Something More Than Free
Thirty Tigers/Southeastern Records
Another Step Closer to Becoming a Bonafide Legend
You have no idea how difficult reviewing this album has been for me. First of all it was relatively late in the day when I received my copy from the record company, meaning reviews were already on the Internet from people I know, trust and admire. But if I read their thoughts before hearing the music myself, would it colour my judgement?
It was a dilemma; but I somehow resisted the temptation. Then there was dilemma #2; how could I possibly write about Something More Than Free without referencing Southeastern from 2013; which was a ‘game changer’ for the ex Drive-By Trucker. In fact should I do a compare and contrast?
Well I’m forgetting about all that nonsense and simply giving you the low-down on the actual album itself; warts* and all.
So; it was with some trepidation that I pressed ‘play’ on the CD player…..phew; the opening bars are absolutely delightful, fun and If It Takes a Lifetime will make you want to kick off your shoes, sit back and sip on your favourite beverage be that beer or a Margarita for the next hour; even if that first song is about a man with drink problem!
What follows are is a wonderful series of short stories set to music where Isbell surpasses himself; inhabiting the characters and living their lives for them and us, the listener.
A couple of songs stood out during the first 4 or 5 plays; Speed Trap Town especially so. Alongside Palmetto Rose, this song is probably more what I was expecting when I unwrapped the cellophane. Akin to Nebraska era Springsteen this tale of a Father slowly dying and the effect it has on his estranged son, is small town Americana at its very best. The detail Isbell inserts is mind-boggling at times – talking about the man in the ICU bed Isbell casually tells us ‘Veins in the skin like a faded tattoo/Was a tough State Trooper ‘til a decade back/when a woman who wasn’t Momma caused a heart attack.’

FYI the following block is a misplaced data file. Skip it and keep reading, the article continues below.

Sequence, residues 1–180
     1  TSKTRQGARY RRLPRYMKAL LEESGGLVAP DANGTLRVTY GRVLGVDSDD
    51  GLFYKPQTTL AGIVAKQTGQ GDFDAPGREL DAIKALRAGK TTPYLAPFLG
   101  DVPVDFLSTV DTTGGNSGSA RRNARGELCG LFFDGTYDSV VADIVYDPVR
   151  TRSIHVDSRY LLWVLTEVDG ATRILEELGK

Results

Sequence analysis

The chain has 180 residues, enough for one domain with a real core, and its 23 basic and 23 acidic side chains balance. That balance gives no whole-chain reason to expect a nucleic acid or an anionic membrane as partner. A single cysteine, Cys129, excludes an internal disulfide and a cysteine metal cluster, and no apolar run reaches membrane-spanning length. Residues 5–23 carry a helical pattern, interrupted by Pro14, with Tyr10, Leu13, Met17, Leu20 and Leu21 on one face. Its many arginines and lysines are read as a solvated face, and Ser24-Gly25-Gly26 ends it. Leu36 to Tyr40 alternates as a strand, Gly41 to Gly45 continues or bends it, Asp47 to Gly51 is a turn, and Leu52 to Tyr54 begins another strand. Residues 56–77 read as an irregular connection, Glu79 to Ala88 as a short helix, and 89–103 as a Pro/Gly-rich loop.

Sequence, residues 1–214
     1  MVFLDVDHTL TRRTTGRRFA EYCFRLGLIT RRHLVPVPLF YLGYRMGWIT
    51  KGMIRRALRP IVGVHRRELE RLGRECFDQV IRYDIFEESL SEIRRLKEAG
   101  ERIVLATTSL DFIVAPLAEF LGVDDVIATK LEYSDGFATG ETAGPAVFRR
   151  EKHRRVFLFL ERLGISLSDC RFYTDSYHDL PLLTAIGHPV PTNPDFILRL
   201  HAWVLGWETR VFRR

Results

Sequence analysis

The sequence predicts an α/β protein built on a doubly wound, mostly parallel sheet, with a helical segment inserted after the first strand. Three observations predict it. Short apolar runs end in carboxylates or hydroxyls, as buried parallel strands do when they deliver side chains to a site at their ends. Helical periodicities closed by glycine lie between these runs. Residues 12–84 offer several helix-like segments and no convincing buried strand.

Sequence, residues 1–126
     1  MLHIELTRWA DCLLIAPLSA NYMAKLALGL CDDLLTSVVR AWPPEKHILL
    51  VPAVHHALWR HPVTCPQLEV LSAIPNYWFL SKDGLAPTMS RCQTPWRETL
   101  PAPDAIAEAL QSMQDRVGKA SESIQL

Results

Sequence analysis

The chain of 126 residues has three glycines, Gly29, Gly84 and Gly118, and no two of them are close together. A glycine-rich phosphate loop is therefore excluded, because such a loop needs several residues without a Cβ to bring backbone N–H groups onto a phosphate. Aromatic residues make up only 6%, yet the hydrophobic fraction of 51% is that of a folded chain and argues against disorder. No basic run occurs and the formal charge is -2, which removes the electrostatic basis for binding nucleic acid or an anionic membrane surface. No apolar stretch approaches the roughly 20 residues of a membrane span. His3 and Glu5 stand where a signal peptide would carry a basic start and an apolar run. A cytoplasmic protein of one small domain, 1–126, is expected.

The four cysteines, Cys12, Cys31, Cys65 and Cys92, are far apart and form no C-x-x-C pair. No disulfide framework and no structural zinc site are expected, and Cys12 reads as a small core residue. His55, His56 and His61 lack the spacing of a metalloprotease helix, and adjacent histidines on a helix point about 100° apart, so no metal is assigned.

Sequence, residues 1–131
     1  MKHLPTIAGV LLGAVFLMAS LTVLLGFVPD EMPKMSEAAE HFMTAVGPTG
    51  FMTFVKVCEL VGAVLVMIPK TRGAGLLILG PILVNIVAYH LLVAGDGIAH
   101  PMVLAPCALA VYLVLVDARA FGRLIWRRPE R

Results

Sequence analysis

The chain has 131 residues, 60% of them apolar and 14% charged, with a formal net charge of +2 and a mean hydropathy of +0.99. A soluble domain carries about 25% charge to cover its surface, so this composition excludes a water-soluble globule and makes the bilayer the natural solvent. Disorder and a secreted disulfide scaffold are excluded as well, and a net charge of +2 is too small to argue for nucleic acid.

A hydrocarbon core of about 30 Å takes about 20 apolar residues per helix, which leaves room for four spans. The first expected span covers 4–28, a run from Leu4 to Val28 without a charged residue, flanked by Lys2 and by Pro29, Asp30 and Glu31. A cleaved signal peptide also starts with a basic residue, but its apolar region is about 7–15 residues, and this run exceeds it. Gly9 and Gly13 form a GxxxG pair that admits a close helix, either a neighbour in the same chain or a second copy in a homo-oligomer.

The electric guitar on Palmetto Rose is so dirty at times I’m sure it will be illegal in at least for Southern States. Slow and slightly Gothic the song will probably go onto be a contender for Alt. Country ‘song of the year’ if such a thing exists.
As a sucker for a love song; Isbell’s 24 Frames had me from the get-go and the chorus is spectacularly special – I won’t give anything away; seek it out. Again; the band and especially Isbell’s guitar playing is exceptional.
On Flagship Isbell’s writing is so clever it took me several listens and a scan of the lyric sheet to find the love song is actually not just a couple looking back on their life but the actual hotel where they met and continued to visit.
I’m not sure if Jason Isbell’s voice has ever sounded better than on this album; especially on the title track which also has Amanda stealing the show with some simple, but beautiful violin playing in the background.
Oh dear; I’ve nearly forgot about another track that ‘jumped out at me’ when I first listened and is still in my head when the disc is back in the case; Hudson Commodore. The production gives more than a passing nod to the Band (Cahoots era) as does the singer’s voice, which occasionally reminded me of Garth Hudson’s.
Halfway through the album, coming in just shy of six minutes we get the longest and most personal song of the 11 tracks here.
Children of Children is relatively stark, with intimate detail after intimate detail of a torrid life seeping from your speakers as Isbell drags the notes out of his guitar as Amanda Shires haunting fiddle playing creates a dark shadow behind him. The song ends with a string section sweeping in and out like an all-encompassing fog. I’m not sure he’s released a better song in his career.
Well, there you have it, Something More Than Free is a slow burner and a ‘gift that keeps on giving,’ with each story slightly unravelling every time you hear it and Isbell’s band are on fire throughout.
Take your time when you buy this album; don’t jump to conclusions too quickly; this is like a really fine and expensive malt whisky that needs to be cherished and savoured.
I was only kidding about the warts* – there aren’t any.
Released July 17th 2015
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